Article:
Finding a Needle in a Haystack: Hiring During COVID-19

  COVID-19 has transformed the way we live and work with unprecedented speed. Whilst no-one can truly predict the long-term impact this will have on the job market, one thing that’s clear is that we are about to enter a high unemployment environment, with an unemployment rate of about 10% predicted for both Australia and…

Finding a Needle in a Haystack: Hiring During COVID-19

 

COVID-19 has transformed the way we live and work with unprecedented speed. Whilst no-one can truly predict the long-term impact this will have on the job market, one thing that’s clear is that we are about to enter a high unemployment environment, with an unemployment rate of about 10% predicted for both Australia and New Zealand. As a result, the pace of recruitment will change dramatically over the next few months, and so will the way it is conducted.

If you expect to be looking for talent in the latter part of this year, you may be rubbing your hands together at the thought of increased responses to job ads, lower salaries and more committed candidates. And whilst this is certainly a possibility, life won’t be all peaches cream – there is still some hard work that will go into recruitment.

This article is the first in our series talking about the challenges employers can expect to face when unemployment climbs. We are running a parallel series of articles for job hunters, so click here to read it.

Here, I’m introducing ten key challenges employers will face in a high unemployment environment. The rest of the series will be dedicated to going into detail on each of the challenges below.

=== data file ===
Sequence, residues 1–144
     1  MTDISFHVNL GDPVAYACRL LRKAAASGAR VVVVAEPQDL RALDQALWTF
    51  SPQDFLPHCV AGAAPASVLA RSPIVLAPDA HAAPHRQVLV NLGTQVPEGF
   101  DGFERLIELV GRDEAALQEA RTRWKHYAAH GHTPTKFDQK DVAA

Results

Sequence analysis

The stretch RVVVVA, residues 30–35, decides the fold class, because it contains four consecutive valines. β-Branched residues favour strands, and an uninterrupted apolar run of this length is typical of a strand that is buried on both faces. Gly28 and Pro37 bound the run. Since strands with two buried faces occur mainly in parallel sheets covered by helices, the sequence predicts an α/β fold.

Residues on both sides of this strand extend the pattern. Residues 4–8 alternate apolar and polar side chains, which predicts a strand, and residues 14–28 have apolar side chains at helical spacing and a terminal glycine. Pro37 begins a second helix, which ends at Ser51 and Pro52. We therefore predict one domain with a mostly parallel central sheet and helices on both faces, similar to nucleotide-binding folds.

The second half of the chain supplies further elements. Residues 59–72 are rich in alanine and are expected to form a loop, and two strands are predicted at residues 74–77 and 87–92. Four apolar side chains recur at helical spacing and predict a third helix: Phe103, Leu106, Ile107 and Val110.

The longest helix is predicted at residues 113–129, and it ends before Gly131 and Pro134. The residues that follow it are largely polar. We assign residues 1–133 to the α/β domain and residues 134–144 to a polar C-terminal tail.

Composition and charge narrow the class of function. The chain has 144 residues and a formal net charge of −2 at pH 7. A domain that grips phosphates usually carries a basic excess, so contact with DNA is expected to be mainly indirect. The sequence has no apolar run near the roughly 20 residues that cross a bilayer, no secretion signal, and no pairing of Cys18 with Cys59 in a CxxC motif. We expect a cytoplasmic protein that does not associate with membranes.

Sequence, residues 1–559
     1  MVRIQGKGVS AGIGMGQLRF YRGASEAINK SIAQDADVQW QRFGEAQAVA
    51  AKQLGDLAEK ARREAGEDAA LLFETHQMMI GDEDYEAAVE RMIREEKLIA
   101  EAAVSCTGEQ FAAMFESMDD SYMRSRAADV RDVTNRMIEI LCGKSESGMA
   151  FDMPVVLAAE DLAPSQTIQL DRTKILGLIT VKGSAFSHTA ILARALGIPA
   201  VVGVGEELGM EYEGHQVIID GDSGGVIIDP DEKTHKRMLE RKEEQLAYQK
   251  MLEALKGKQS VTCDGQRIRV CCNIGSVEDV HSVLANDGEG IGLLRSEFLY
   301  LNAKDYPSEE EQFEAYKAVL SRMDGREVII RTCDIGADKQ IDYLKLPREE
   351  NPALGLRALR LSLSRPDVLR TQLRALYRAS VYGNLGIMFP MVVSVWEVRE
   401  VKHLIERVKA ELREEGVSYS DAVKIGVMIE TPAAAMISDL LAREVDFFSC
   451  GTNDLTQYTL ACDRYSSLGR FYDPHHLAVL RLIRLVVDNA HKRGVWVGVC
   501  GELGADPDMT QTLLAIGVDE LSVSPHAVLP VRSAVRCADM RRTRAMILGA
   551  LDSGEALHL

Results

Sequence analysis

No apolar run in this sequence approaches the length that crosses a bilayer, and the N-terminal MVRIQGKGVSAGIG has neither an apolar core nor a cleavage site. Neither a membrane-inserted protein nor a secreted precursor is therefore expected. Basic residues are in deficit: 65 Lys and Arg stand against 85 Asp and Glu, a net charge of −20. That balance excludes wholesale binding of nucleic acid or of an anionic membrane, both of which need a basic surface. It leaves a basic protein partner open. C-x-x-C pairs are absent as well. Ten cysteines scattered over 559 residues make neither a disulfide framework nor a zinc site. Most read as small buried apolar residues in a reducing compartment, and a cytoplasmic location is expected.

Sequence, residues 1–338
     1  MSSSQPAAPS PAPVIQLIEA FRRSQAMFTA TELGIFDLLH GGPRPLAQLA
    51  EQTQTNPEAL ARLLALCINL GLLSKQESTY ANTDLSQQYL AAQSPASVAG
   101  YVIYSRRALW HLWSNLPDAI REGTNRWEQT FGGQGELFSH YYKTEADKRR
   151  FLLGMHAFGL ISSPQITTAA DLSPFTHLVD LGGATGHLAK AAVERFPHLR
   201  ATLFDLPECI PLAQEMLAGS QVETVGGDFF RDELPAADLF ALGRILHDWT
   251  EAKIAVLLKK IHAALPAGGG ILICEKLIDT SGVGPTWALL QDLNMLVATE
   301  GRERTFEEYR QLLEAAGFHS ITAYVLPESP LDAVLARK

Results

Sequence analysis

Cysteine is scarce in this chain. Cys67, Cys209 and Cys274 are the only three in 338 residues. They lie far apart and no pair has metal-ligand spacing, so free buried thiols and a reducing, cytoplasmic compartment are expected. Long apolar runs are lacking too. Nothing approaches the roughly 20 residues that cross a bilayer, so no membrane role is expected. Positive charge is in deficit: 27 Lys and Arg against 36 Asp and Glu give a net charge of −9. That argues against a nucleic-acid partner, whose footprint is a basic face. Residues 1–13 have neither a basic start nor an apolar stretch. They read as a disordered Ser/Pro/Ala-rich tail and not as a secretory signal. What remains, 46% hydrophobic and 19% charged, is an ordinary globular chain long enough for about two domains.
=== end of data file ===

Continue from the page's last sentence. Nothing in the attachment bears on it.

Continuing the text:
Challenges for Employers

  1. Unqualified candidates: There will be more unqualified candidates in the market than you have ever seen. If you think you get a lot of time-wasting applications now, get ready for that to increase exponentially. Beware of the cost involved in the extra work here  – this is where the support of a specialist recruiter will be invaluable.
     
  2. Overqualified candidates: This will become much more common, particularly with senior managers who are looking to move across industry sectors. Some of these candidates will be realising they are not likely to get roles anything like those they held previously, and some may even be angry, so care needs to be taken in dealing with these candidates.
     
  3. Speed of process: Despite higher volumes, great candidates will still not last long in the market. It’s important not to fall into the trap of an inflexible, linear recruitment process, as this could lead to people losing interest and you missing out on the best talent.
     
  4. Large resume gaps will occur but should not be automatically discounted: Many candidates will not adjust job hunting practices and instead will wait on a call that may never come, resulting in large gaps in their resumes. Typically, this is seen as a red light in recruitment, but in the current market, these candidates should not be overlooked.
     
  5. Skill gaps persist: Despite high unemployment, skill gaps persist and there will continue to be many hard-to-fill roles. Candidates with these in-demand skills will still be able to demand high salaries and will have a choice of roles. Be careful not to fall into the belief that higher unemployment means more candidates for every role – it doesn’t.